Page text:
Putting words on paper
Nobody said writing was going to be easy.
When I designed my writing career – back in the 1960s and 1970s – it was something I would do when my main career (physics – yes, I knew that before I was 12) was over, and I could retire to do whatever I wanted after a long and productive life of work.
They say, if you want to make God laugh, tell Her your plans.
My plans – the laughed-at ones
I loved books so much I wrote the first Time Travel Romance novella when I was 14. After I devoured everything else I could get – there seemed to be a hole missing, so I filled it.
I never thought I’d have to write with my brain off. That was never part of the plan – it isn’t part of anyone’s plan.
The world is very difficult for people with disabilities. The physical part is hard, self-care is hard, the mental parts are hard. It can consume every bit of your energy just to stay fed and clothed and have shelter – and that’s for the lucky ones with family and disability insurance. It must be a true hell for those without even the minimum of a support system.
If the drive is there, it can’t be denied
But unless it is truly, totally impossible to write, those of us who are disabled – and also happen to be writers – are going to try to find a way to write something. Because the drive comes from within, and it is similar to the drive to breathe: it is always there, always struggling, and always winning – as long as the air part continues.
This is true for other artists and craftspeople, but I don’t have their talents, so I can’t speak for them. I suspect it parallels the experience of writers: for every Christy Brown (My Left Foot) there is a painter without use of hands who uses a paintbrush or a computer somehow differently than with hands.
I know people who are poets – and happen to be disabled. I know people who blog – and happen to be disabled; they don’t always blog about disability, but sometimes they do. I know novelists who fought disability daily – Flannery O’Connor comes to mind – and still wrote novels. Memoir is a good category – and gave us The Sound of a Wild Snail Eating. I’m meeting more people in that category online, especially in the new world of indie and self-publishing.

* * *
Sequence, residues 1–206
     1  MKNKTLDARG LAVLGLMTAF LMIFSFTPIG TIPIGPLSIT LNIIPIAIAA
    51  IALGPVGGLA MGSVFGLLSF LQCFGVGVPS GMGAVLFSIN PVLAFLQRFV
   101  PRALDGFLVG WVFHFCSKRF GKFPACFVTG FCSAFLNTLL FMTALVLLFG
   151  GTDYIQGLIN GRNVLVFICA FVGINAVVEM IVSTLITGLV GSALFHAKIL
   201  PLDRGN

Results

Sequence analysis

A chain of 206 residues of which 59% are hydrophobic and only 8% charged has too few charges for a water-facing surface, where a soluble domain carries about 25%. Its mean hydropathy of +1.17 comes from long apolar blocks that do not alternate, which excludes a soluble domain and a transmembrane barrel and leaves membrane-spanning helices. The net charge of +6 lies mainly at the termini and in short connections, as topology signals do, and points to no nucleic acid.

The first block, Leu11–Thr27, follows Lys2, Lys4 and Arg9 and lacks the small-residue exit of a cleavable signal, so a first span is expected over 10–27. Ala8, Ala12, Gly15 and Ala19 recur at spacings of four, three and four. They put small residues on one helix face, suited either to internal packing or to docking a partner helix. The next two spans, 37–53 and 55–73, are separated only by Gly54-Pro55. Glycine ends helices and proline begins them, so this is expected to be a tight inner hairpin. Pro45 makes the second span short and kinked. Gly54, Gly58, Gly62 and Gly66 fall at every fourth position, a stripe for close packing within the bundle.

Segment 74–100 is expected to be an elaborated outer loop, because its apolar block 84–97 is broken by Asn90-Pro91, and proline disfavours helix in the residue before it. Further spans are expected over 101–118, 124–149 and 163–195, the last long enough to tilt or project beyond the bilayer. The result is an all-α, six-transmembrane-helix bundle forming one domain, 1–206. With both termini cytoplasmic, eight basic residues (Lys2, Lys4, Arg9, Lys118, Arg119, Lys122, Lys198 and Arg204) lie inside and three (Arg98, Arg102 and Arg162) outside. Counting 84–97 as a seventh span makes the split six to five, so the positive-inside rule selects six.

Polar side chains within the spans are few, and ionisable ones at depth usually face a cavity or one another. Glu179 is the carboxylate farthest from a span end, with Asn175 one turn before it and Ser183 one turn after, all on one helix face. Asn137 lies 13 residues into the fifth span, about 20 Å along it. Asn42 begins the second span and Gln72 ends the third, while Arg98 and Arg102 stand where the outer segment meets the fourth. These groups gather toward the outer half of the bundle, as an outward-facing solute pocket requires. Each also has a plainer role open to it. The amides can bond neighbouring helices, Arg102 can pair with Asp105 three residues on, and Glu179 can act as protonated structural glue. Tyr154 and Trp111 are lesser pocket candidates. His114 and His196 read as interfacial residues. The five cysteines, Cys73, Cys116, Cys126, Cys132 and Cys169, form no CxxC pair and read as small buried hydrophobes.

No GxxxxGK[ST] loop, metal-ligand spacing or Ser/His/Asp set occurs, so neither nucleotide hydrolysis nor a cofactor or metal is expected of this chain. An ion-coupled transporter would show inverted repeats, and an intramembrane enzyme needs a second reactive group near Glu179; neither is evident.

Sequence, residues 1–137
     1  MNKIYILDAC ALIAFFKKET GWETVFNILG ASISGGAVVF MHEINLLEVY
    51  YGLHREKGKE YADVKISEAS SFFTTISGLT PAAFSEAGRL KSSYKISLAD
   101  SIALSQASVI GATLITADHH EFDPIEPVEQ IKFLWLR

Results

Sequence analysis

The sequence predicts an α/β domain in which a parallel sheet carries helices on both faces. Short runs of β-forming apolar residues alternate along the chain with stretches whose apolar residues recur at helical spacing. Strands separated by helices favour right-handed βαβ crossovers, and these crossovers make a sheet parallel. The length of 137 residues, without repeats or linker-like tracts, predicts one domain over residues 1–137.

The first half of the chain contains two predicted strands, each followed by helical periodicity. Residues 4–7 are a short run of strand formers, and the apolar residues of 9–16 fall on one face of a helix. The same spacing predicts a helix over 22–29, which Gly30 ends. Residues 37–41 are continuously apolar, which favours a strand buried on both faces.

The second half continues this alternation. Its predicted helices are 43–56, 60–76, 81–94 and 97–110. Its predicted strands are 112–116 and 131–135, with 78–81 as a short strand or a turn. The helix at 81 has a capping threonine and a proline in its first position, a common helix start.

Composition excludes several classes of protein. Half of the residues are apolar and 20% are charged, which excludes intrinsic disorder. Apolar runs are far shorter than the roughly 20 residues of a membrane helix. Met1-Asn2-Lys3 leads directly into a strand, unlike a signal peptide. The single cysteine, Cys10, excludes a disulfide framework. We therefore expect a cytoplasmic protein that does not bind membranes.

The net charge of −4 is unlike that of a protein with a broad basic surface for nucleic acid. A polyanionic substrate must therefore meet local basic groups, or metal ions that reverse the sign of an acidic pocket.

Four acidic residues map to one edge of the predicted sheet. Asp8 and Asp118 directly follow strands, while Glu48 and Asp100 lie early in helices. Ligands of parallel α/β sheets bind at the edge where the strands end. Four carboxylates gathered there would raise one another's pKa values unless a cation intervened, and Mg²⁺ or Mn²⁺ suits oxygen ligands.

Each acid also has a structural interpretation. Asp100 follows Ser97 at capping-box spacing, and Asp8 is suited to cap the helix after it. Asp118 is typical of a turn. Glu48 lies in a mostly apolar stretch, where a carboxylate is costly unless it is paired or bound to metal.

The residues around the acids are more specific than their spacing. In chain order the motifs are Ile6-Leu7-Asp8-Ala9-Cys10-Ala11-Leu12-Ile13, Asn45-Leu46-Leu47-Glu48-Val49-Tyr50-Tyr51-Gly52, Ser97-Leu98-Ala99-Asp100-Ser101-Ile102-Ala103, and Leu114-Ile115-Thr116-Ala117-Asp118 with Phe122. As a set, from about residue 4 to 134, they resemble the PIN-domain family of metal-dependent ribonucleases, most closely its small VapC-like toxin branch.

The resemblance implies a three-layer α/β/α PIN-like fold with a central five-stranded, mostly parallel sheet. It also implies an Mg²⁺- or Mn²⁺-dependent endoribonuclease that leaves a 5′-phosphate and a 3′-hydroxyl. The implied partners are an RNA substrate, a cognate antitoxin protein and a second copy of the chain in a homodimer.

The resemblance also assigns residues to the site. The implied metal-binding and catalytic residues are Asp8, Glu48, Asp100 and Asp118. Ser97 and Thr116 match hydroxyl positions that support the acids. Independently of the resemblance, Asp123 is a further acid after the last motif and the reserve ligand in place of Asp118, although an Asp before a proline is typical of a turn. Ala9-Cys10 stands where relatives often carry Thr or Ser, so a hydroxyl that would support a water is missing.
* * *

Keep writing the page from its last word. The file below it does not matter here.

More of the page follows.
Many of these writers don’t have the energy required to go through the traditional publishing gauntlet: the emotional swings from the whole rejection-after-rejection process is crippling when you already don’t have enough energy to write.
The drive to publish is there – and the modern world has given some of us the outlet we needed.
Judgment of the writing
The world has two ways of judging us:
1) isn’t it wonderful that she can write – after all, she is disabled – and how inspiring it is! and
2) as if we were not disabled.
I don’t knock the first category – there is a place in the world for art which inspires other people to live better, or do art by following an example.
I happen to prefer the second category – the one I aspired to all those years ago when I set up my plans. Writing is a perfect venue for this, because all a reader sees is the end of the process, ‘the product’ (as a writer friend of my grandparents, Aaron Marc (Rod) Stein, called it when we visited his NY apartment and he showed us all his books in the living room – hardcover, book club, foreign editions on the bookcases all around the room). A reader may hear about or read about the writer’s difficulties in life, before or after becoming aware of the writer, but ‘the product’ is what may make that reader tell someone else about it.
Character with disabilities – someone needs to write them
Someone needs to take on the task – and characters with disabilities have to be fully realized – like any other character – which means they get to be the Main Character in some stories.
Writing about characters who are disabled is something we who write despite disability obviously have an inside take on. That is where my current novel is going: of the three principal characters, the Main Character, Kary, has the disability that I have – because that’s how this particular story came to me.
The danger is that I have the same problem writers without my disability have: my own limits are known to me, but I can only come by a complete description of ME/CFS by reading about and knowing other people who also have it – our experiences can be quite different, and I know I will probably be taken to task by making my character somehow not as bad as some of my readers with CFS might be.
I beg indulgence there – I can only create one character at a time, and still write about her life in any detail.
We choose, as writers, how much of ourselves to put into our characters. But readers can’t necessarily tell if a good writer actually hiked in the frozen North, or just has a great imagination and great research skills. It comes down to ‘the product.’
That is where, for Pride’s Children, I hope to create both the experience of being completely bound by a disability – and that of being yourself despite it.